An influential shipping industry body recently said delays in the construction and operations of the East Container Terminal (ECT) of the Colombo Port may result in investors and container volumes shifting to regional ports.
“Delay in the construction and operation of the Eat Container Terminal may result existing bidders dropping their decision to invest in Sri Lanka and to invest in other regional ports. This will result in container volumes shifting to regional ports along with the consortium volumes,” Ceylon Association of Shipping Agents (CASA) said in a statement.
CASA also noted that the sudden changing of terms and conditions of the bidding process after the bids were closed will drive away investors.
“Investors will think twice for future SLPA (Sri Lanka Ports Authority)/government driven projects in the port sector. This will severely affect the confidence of investors in investing in Sri Lanka,” CASA statement said.
It has been three months since the closing of the bids for submitting expression of interests (EOIs) for ECT and no decision has still been taken by the Cabinet Appointed Negotiating Committee (CANC) and the government.
“CASA reliably understands that the government is trying to introduce new conditions after the EOI bids have been closed, which totally contradicts the initial conditions. These new conditions will eliminate all or most of the bidders, which defeats the transparency and good governance processes.” CASA statement noted.
The industry body stressed that if Sri Lanka is serious about maintaining its transshipment shipping hub status and expanding its position to be the regional maritime hub, it’s paramount to expedite ECT project in a transparent manner.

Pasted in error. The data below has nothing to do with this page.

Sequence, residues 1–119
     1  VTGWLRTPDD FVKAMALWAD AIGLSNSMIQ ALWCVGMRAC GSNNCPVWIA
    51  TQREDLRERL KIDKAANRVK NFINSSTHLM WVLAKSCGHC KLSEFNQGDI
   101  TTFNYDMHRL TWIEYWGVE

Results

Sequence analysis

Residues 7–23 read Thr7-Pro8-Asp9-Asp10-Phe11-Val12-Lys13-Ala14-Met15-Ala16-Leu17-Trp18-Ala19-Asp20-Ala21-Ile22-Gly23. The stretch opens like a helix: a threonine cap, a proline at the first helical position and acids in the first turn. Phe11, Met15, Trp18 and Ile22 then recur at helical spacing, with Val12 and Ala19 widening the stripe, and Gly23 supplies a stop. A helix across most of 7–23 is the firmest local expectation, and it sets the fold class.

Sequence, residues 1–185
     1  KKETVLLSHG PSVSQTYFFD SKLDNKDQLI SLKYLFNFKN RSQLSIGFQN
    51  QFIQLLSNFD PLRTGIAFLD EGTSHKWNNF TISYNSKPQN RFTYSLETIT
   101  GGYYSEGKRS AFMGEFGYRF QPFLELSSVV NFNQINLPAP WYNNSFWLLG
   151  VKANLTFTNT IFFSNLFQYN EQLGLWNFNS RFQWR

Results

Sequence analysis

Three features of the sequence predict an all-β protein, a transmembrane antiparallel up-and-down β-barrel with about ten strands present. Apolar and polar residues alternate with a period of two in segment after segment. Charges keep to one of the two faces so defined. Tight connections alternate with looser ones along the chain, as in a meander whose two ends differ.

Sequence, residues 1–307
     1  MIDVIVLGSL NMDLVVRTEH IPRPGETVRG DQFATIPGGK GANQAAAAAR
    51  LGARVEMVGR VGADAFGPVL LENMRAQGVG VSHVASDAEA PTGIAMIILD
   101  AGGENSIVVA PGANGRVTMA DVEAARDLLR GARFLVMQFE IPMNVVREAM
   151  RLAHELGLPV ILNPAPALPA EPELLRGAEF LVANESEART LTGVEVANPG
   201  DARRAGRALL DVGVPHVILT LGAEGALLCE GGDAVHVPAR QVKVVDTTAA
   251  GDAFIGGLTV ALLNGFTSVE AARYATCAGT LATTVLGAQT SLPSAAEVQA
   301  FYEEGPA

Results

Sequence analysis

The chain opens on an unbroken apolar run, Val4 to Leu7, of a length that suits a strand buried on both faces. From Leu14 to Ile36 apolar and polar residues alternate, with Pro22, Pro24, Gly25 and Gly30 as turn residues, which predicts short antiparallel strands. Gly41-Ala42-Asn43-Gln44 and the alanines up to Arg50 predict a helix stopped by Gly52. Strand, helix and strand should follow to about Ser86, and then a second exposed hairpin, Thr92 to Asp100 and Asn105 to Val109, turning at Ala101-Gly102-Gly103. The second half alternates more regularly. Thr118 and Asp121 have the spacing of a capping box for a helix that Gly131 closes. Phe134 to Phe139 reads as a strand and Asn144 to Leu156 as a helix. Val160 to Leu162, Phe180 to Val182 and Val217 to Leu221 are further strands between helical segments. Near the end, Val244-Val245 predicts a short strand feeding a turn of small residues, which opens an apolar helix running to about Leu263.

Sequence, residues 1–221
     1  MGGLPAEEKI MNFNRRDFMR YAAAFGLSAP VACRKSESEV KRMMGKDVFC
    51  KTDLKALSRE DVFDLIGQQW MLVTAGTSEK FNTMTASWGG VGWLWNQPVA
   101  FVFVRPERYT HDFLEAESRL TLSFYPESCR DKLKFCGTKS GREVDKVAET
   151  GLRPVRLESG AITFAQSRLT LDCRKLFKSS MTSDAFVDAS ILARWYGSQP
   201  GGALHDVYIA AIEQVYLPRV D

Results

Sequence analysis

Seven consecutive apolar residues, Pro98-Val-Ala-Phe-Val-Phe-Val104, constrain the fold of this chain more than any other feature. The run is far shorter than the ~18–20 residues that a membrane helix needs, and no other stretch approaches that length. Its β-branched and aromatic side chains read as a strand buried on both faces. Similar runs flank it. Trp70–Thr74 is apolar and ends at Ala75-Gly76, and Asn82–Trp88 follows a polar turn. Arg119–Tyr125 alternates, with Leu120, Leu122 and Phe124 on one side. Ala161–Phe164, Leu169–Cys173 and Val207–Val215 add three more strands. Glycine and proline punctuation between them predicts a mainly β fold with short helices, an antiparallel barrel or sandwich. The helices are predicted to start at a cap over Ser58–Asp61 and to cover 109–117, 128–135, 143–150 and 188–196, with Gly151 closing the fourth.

While highlighting the future capacity issues that could soon be experienced by the Colombo Port, CASA said that unless swift actions were taken, the traffic would be attracted by new regional ports who would offer discounted prices.
“Development of regional ports with modern facilities will create major competition for the Port of Colombo in that these ports are going to attract vessels to call directly there. This will affect the transshipment volumes at the Port of Colombo as well as affect vessel calls at Colombo.
“New regional ports will offer early bird/special discounts to attract volumes. Once volumes moved from Colombo to regional ports it is very difficult to bring back the same as lines would enter into long term partnerships with respective terminals of regional ports,” CASA noted.
The forecast for the container volume throughput at the Colombo port for 2016 is approximately 5.6 million TEUs. The total capacity of the port is approximately 7.2 million TEUs. According to CASA the signs of the capacity tightening are already starting to show as seen in the daily operational issues of the Colombo Port.
The SLPA and South Asia Gateway Terminal (SAGT) have draft limitations and are only capable of handling vessels having drafts which are less than14.25 metres. Colombo Port has only one deep draft terminal namely Colombo International Container Terminal (CICT) with a depth of 18 metres and capacity of 2.4 million TEUs. The CICT’s berth occupancy rate is approximately 65 percent (weekly) and it will further increase with the arrival of the ultra large vessels after April 2017.
Colombo Port deep draft terminal is unable to berth three 400 metre vessels, if 3 vessels arrive on the same day as their berth length is 1200 metres. This is a huge negative factor for major international shipping lines when considering if it is to move services to Colombo and considering using Colombo as a transshipment hub. The daily operating cost of an ultra large vessel is over US$ 50,000 and keeping vessels waiting for a berth is not an attractive option for shipping lines.